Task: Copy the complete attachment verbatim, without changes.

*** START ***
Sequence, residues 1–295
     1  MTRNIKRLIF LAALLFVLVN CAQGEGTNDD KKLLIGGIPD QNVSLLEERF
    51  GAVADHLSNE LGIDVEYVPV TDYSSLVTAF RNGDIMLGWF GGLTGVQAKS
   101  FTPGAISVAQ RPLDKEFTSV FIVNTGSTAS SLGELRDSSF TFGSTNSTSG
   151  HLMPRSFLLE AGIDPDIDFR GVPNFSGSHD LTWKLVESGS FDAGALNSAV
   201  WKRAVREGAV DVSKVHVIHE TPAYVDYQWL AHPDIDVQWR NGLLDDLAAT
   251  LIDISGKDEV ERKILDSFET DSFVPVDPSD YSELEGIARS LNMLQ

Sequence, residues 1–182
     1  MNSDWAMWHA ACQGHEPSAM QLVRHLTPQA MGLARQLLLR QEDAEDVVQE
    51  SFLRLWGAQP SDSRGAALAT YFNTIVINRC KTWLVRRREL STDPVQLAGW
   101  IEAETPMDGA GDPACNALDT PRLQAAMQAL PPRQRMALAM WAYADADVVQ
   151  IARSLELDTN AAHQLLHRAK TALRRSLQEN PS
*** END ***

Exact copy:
Sequence, residues 1–295
     1  MTRNIKRLIF LAALLFVLVN CAQGEGTNDD KKLLIGGIPD QNVSLLEERF
    51  GAVADHLSNE LGIDVEYVPV TDYSSLVTAF RNGDIMLGWF GGLTGVQAKS
   101  FTPGAISVAQ RPLDKEFTSV FIVNTGSTAS SLGELRDSSF TFGSTNSTSG
   151  HLMPRSFLLE AGIDPDIDFR GVPNFSGSHD LTWKLVESGS FDAGALNSAV
   201  WKRAVREGAV DVSKVHVIHE TPAYVDYQWL AHPDIDVQWR NGLLDDLAAT
   251  LIDISGKDEV ERKILDSFET DSFVPVDPSD YSELEGIARS LNMLQ

Sequence, residues 1–182
     1  MNSDWAMWHA ACQGHEPSAM QLVRHLTPQA MGLARQLLLR QEDAEDVVQE
    51  SFLRLWGAQP SDSRGAALAT YFNTIVINRC KTWLVRRREL STDPVQLAGW
   101  IEAETPMDGA GDPACNALDT PRLQAAMQAL PPRQRMALAM WAYADADVVQ
   151  IARSLELDTN AAHQLLHRAK TALRRSLQEN PS